John Lund: No, Thern has three different divisions. We have an entertainment or a theater division, which is actually ties in with the ball drop in Times Square. We have an industrial division and a water/wastewater division. And, each of those different segments of customers have different requirements when it comes to precision.

Some don’t care at all and some care a lot. So the answer to your question, Adam, yeah. We have many customers that are looking for precision lowering and positioning applications.

Adam Honig: Gotcha. So is it mostly in the entertainment side of things? Like if you’re swinging Peter Pan around on the stage or something like that, you need to do that, but maybe not for Industrial?

John Lund: Well, actually, we manufacture a winch for a company in Texas that makes lariots for roping bulls. So our winch will actually tension those lariots and then take all of the residual tension out of them. So it’s really important that we pull to a precise measurement and then release it.

Adam Honig: That’s super cool. See, this is why you guys are my favorite crane and winch company. I mean, who does that kind of stuff? People just think, Oh, you know, they’re carrying steel beams and stuff like that, but there’s a lot more to it.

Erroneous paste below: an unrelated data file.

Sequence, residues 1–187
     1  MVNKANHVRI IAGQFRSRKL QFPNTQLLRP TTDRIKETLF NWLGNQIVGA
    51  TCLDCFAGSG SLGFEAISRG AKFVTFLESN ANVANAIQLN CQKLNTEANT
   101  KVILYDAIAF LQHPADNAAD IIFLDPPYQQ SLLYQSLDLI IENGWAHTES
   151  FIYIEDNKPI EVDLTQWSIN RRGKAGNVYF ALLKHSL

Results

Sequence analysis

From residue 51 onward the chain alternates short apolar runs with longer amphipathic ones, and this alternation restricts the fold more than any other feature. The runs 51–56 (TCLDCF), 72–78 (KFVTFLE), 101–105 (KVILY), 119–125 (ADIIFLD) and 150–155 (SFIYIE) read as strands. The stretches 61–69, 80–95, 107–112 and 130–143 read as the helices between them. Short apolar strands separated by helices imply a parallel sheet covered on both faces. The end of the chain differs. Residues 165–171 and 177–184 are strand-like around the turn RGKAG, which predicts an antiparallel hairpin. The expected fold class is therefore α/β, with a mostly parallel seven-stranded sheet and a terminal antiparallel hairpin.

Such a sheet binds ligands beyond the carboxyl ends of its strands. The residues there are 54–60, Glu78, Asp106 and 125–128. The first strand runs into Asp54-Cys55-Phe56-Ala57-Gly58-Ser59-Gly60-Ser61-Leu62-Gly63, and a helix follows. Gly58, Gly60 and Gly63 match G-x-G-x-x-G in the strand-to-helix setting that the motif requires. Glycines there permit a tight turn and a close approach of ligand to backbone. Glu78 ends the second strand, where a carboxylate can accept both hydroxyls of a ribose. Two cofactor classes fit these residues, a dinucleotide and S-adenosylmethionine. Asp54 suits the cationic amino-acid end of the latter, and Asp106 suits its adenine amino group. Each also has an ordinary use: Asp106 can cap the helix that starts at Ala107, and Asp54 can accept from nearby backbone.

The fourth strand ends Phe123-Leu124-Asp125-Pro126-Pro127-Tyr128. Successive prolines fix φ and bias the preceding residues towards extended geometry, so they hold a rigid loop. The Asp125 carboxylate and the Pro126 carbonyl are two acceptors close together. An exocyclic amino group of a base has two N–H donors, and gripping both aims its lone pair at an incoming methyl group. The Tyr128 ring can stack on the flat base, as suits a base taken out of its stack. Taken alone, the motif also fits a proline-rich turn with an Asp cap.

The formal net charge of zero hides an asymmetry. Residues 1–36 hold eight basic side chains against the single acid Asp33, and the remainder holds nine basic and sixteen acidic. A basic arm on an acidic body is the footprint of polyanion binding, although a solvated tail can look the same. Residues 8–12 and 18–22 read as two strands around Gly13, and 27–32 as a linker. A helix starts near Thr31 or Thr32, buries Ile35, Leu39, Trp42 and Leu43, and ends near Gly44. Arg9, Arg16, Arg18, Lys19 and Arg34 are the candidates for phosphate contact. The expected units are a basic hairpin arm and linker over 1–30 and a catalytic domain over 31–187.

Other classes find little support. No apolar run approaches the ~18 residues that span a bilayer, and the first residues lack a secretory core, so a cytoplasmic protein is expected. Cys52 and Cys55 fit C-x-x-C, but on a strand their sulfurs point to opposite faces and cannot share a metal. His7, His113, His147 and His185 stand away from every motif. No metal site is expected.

John Lund: Yeah, it’s very, very unique. We have a broad range of customers. Some that I can mention and some that I can’t. But, we have a number in the aerospace industry. NASA is one of our really good customers, so we’re thinking of them and the folks in Florida down the west coast today and this week as a hurricane rolls in.

But, yeah, our equipment moves aerospace equipment around. We have cranes that lift motors out of helicopters. A wide range of applications.

Adam Honig: Gotcha. How long have you been in the crane business for, John?

John Lund: Myself? I’ve been in manufacturing for a little over 30 years. I’ve been with Thern for five.

Adam Honig: Gotcha. So you’ve probably seen a whole bunch of changes in manufacturing during that time then.

John Lund: Oh, definitely. Yep. The progression towards Lean and Six Sigma, kind of rolls all the way through the various iterations of disciplines within manufacturing.

Adam Honig: You know, it’s really interesting. So we’ve been seeing a little bit of a pushback on lean, you know, with everything going on in the supply chain. People have been moving to more of a ‘Just in Case’ kind of method instead of ‘Just in Time’. Have you been seeing much of that at thern?

John Lund: You’ve been talking to toilet paper manufacturers?

Adam Honig: Actually, I was talking with a spray foam manufacturer, and that’s what they were saying. They were having trouble getting supplies. I mean, it was really a big challenge.

John Lund: It really has changed, Adam, over the course of the past two years. Fortunately, for Thern, our business has actually increased over the course of the past three years through the pandemic. A lot of infrastructure projects going on, which have supported our business. Also, a lot of theater projects, which were funded pre-pandemic, which allowed us to get into theaters because they were dark. And it allowed workers to go in without audiences to do major renovations and projects. 

Adam Honig: So what you’re saying is that when the pandemic shut down theaters in Broadway, those organizations took the opportunity to remodel?